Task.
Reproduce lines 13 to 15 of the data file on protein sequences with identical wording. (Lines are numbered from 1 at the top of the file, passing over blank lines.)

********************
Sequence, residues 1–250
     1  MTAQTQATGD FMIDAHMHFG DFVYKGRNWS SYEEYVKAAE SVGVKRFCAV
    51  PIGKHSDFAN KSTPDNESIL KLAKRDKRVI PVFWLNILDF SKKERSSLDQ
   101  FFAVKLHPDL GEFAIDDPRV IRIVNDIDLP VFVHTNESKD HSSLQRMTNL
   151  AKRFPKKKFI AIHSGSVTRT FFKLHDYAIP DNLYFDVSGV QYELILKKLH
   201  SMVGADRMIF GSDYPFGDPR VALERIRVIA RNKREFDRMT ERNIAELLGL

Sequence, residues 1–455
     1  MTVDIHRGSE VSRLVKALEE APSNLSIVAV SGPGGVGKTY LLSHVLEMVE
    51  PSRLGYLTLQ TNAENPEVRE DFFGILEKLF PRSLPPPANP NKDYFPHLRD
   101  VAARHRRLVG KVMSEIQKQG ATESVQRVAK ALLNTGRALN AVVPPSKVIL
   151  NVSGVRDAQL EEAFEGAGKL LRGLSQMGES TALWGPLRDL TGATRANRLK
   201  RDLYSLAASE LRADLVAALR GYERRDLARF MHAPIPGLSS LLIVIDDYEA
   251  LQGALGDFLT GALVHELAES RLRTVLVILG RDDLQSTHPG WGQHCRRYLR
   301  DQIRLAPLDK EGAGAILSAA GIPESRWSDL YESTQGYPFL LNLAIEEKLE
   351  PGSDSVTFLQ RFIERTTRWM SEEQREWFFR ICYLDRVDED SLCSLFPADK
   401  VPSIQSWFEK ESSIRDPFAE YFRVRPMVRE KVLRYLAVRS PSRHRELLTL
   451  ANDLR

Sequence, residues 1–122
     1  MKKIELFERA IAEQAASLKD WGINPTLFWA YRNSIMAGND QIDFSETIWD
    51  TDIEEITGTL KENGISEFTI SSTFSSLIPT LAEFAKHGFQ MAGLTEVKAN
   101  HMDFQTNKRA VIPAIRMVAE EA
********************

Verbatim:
   251  LQGALGDFLT GALVHELAES RLRTVLVILG RDDLQSTHPG WGQHCRRYLR
   301  DQIRLAPLDK EGAGAILSAA GIPESRWSDL YESTQGYPFL LNLAIEEKLE
   351  PGSDSVTFLQ RFIERTTRWM SEEQREWFFR ICYLDRVDED SLCSLFPADK